Ryan Christopher Jones

Ryan Christopher Jones

Ryan Christopher Jones is a Mexican-American photojournalist originally from California’s Central Valley, currently living in New York City. His recent work includes coverage throughout Mexico and the Mexico/U.S. border, the American overdose crisis, the 2018 midterm elections, and immigration stories in and around New York City.

Ryan is a fierce advocate of compassionate photojournalism, and in 2018 he wrote two opinion essays for The New York Times titled The Déjà Vu of Mass Shootings and How Photography Exploits the Vulnerable. His overdose/opioid coverage is included in Photoville’s current exhibition called Covering a Crisis: Media Representation of Overdose in America, and his work was selected for American Photography 2017 and 2018.

Ryan is a regular contributor to The New York Times and clients include ProPublica, The Intercept, The Washington Post, Der Spiegel, CNN, The Wall Street Journal, KyodoNews, and others.

In addition to working as an independent photojournalist, Ryan is currently pursuing a degree in History through the extension program at Harvard University.

Archive Exhibitions Featuring Ryan Christopher Jones

Where Do We Go From Here?

Brooklyn Bridge Park – Empire Fulton Ferry Lawn
 archive : 2020

When it is the photojournalist’s job to document the world’s news events? What happens when a new, deadly disease spreads across the world and threatens nearly everyone and everything—including the photographer? Chris Hondros Fund posed these two questions to three photojournalists: In 2020, what did you see, and where do we go from here?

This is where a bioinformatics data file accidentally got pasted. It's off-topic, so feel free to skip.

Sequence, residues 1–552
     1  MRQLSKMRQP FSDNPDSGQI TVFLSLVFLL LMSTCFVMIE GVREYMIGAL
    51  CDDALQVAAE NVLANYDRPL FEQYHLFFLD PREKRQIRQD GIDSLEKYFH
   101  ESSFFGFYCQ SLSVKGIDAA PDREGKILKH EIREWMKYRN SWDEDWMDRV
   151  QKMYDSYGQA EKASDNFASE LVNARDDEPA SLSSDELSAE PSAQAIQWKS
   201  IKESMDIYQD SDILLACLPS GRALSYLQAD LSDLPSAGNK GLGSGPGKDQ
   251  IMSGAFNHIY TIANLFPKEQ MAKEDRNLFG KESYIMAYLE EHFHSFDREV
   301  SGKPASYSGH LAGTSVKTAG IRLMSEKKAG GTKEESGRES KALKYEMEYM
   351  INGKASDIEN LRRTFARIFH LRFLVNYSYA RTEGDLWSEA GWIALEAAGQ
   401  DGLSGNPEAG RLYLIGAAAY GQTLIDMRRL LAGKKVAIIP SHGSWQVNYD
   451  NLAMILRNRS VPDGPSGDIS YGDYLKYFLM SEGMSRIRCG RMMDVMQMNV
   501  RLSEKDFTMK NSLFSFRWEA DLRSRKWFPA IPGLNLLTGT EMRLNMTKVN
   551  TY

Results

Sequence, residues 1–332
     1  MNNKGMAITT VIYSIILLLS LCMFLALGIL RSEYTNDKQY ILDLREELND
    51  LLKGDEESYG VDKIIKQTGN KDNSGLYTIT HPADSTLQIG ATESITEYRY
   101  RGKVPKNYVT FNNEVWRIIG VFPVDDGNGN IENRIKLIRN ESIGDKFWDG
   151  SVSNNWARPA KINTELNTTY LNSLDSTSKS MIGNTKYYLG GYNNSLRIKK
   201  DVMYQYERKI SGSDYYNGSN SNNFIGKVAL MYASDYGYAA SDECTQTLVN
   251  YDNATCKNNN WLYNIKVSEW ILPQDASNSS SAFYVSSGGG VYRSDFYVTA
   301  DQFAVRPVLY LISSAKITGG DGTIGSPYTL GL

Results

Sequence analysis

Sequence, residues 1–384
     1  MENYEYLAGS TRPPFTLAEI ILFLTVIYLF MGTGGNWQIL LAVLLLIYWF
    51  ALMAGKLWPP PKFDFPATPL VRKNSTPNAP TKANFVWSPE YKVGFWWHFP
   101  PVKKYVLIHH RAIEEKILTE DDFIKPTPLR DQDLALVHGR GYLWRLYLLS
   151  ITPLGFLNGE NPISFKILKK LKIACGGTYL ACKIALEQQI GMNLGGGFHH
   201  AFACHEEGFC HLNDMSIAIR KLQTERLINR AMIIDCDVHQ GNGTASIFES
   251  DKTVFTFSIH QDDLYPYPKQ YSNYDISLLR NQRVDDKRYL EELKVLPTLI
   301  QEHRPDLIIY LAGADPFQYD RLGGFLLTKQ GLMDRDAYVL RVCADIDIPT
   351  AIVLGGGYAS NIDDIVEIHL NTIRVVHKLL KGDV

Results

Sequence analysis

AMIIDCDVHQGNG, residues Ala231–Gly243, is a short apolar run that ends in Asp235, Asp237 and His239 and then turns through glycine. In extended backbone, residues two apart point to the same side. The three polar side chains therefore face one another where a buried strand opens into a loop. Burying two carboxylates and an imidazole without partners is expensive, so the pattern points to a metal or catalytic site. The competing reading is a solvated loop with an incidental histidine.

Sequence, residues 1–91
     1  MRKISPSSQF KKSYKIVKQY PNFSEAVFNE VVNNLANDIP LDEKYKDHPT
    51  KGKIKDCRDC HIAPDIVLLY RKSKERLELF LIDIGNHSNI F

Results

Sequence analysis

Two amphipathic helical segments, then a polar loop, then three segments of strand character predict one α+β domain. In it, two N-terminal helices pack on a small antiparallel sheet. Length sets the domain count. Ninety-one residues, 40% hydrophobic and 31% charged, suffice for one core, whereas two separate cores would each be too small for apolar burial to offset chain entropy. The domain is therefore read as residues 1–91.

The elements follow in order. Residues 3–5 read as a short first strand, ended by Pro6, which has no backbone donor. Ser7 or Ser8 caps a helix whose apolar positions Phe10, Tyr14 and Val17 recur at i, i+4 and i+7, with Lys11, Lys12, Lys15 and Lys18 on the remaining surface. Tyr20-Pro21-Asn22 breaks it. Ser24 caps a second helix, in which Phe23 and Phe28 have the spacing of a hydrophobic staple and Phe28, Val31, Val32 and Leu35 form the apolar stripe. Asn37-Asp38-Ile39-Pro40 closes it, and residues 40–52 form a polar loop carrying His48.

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Covering a Crisis: Media Representation of Overdose in America

Brooklyn Bridge Park – Emily Warren Roebling Plaza
 archive : 2019

By questioning the main visual tropes in mainstream media of drug use and overdose, and challenging sensationalist coverage, this exhibit explores how photojournalism impacts public health.

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Archive Sessions and Events Featuring Ryan Christopher Jones

Sep 222019

Teargas, Trolling, and Trauma: Photographing Political Polarization in the U.S.

A panel discussion on the physical, digital, and psychological risks for photographers covering political rallies, protests, and events in an increasingly polarised environment leading up to the 2020 U.S. Presidential election.

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This website was made possible thanks to the generous support and partnership of Photowings